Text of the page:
World Economic Forum Historic Moments (Photos)

The World Economic Forum convenes this week, and the theme is ‘resilient dynamism.’ Here, a look back in photos at Davos’s most memorable moments.

Fabrice Coffrini/AFP, via Getty

Fabrice Coffrini/AFP, via Getty


A World Economic Forum (WEF) logo is seen in front of snow covered three on January 25, 2012 in Davos. Some 1,600 economic and political leaders, including 40 heads of states and governments, will be asked to urgently find ways to reform a capitalist system that has been described as "outdated and crumbling as they converge at eastern Switzerland's chic ski station of Davos for the 42nd edition of the five-day World Economic Forum (WEF) which opens on January 25, 2012. AFP PHOTO / FABRICE COFFRINI (Photo credit should read FABRICE COFFRINI/AFP/Getty Images)

World Economic Forum

The First Meeting

In January 1971, 440 European business leaders from more than 30 countries met for the first time in Davos, Switzerland. The Forum was founded the same year by Professor Klaus Schwab, and has met every year in January ever since.

Jim Cole/AP

Politics and Economics Collide

The collapse of the Bretton Woods  Fixed Exchange Rate system in 1971, compounded with the Arab-Israeli War, led the forum to begin focusing on more global sociopolitical issues, and political leaders from around the world were invited to attend for the first time.

World Economic Forum

China Recognized

In 1979, the forum included China for the first time, making them the first nongovernmental institution to partner with China’s economic development commissions. The country has been a crucial presence at Davos ever since—in 1992, then-premier Li Peng gave a historic speech (pictured).

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Reagan Involves the U.S.

Despite increased participation from countries around the world like India and China, the United States had not participated in the forum until 1982, when President Ronald Reagan involved the U.S. for the first time, appearing via satellite to promise America’s dedication to “work with our allies.”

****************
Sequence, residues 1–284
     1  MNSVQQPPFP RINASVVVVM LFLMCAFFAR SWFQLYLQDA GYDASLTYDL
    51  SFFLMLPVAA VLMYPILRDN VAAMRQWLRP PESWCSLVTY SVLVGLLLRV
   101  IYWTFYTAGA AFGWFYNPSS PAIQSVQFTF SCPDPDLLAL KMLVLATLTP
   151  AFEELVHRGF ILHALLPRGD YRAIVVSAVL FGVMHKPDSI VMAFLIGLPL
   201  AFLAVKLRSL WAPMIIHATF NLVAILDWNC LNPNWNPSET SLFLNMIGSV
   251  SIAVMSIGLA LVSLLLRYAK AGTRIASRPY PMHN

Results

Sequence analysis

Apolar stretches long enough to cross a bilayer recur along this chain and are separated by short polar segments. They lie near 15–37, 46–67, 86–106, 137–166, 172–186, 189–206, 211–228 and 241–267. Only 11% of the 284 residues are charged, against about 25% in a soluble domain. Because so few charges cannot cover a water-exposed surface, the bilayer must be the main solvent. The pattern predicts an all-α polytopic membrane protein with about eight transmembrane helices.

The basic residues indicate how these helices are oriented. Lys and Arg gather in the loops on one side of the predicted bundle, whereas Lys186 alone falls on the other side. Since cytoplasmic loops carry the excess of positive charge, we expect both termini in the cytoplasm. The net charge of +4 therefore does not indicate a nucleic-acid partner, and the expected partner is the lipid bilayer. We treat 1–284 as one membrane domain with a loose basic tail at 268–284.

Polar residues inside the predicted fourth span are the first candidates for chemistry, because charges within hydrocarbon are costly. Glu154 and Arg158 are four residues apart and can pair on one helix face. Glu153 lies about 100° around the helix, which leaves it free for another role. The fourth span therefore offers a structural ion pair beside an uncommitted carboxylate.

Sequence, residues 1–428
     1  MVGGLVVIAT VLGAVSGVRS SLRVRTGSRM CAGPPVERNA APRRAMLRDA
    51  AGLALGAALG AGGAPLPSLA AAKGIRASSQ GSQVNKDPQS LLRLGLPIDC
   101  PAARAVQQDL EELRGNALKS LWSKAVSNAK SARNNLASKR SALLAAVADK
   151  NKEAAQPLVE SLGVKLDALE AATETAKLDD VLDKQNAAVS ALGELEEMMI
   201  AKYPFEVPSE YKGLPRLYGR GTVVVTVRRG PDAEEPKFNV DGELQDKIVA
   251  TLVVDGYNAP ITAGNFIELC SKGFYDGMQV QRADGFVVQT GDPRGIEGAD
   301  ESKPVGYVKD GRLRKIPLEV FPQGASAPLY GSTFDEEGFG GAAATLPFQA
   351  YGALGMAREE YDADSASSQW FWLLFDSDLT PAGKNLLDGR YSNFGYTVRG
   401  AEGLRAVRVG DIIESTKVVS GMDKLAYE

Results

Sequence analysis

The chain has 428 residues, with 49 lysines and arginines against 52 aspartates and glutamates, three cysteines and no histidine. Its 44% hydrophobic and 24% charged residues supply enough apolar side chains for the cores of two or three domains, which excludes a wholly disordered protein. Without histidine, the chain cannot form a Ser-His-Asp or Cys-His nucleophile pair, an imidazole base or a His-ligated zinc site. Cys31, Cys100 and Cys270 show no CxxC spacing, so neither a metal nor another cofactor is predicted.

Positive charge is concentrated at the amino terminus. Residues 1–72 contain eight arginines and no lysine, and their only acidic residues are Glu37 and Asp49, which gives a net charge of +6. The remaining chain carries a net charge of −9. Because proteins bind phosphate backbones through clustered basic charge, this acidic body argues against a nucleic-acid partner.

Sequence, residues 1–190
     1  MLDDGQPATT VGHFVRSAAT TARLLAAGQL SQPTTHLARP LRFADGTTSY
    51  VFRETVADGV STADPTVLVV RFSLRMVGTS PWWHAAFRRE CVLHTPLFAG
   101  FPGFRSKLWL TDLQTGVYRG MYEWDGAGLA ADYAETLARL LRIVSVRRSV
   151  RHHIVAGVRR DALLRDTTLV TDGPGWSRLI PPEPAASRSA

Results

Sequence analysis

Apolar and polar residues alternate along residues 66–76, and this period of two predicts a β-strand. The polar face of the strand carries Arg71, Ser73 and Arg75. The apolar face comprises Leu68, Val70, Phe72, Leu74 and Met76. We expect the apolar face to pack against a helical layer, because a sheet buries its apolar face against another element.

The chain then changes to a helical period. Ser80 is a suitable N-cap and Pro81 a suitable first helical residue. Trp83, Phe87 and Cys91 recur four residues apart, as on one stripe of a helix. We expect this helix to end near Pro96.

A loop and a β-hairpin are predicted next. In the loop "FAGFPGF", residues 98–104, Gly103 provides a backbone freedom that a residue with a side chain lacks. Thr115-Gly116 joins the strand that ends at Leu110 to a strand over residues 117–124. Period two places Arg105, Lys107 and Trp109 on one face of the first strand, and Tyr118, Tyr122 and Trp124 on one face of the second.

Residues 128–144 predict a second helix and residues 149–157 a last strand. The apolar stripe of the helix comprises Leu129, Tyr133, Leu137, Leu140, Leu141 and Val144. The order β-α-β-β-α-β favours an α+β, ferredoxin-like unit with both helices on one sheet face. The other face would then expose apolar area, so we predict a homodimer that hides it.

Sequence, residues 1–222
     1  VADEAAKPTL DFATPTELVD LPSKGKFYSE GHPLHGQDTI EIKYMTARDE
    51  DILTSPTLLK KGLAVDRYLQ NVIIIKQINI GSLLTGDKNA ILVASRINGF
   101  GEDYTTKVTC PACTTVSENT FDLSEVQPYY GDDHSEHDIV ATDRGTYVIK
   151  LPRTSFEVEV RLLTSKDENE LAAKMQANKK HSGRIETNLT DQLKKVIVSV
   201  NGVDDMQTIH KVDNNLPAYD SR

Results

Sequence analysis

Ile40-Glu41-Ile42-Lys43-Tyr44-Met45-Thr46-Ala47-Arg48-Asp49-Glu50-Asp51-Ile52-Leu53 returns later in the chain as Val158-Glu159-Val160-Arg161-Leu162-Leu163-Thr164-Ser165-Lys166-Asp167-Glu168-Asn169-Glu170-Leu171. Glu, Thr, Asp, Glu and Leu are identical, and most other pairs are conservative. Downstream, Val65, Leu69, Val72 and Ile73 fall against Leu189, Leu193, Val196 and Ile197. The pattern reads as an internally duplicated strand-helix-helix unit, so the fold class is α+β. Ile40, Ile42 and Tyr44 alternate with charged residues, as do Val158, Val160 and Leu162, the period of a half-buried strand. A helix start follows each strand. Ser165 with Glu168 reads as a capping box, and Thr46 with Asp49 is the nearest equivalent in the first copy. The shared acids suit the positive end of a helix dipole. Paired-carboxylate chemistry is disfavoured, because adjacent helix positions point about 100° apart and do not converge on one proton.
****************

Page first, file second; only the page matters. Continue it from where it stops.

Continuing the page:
Cold War Milestone

As the Cold War came to a close, eyes were on the forum for insight into Russia’s economic future. West German Foreign Minister Hans-Dietrich significantly urged members to “give Gorbachev a chance.”

World Economic Forum

The Davos Declaration

Signed in 1988 by Greece and Turkey, the Davos Declaration was one of the forum’s first forays into diplomacy, and helped the two countries avoid war.

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Nelson Mandela Attends

In their first joint appearance, Nelson Mandela and South African President F.W. de Klerk attended the forum together amid the country’s tumultuous political transition. Mandela gave his first speech on South Africa’s economic future at the summit.

Jerome Delay/AP

A Special Guest

President Bill Clinton became the first sitting U.S. president to actually attend Davos in 2000. That same year, the World Health Organization unveiled the Global Alliance for Vaccines and Immunization at the Forum.

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Davos Relocates

In solidarity with the United States, the World Economic Forum relocated to New York City for its summit in 2002, following the Sept. 11 attack on the Twin Towers.

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Forum Addresses Corruption

Ahead of the LIBOR-fixing scandal and the bank bailout of 2008, heads of the world’s main multilateral development banks agreed to make the forum’s Partenering Against Corruption Initiative, include antibribery requirements as part of the bidding process in 2006.

Alessandro Della Bella/Keystone, via AP

Euro SOS

President of the European Commission Jose Manuel Barroso unveiled a euro-rescue package in 2009 at Davos, promising to do “anything we can to protect the euro.” Still, Europe’s economic crisis remains a central focus at Davos, with last year’s forum centering around rumors of euro breakup.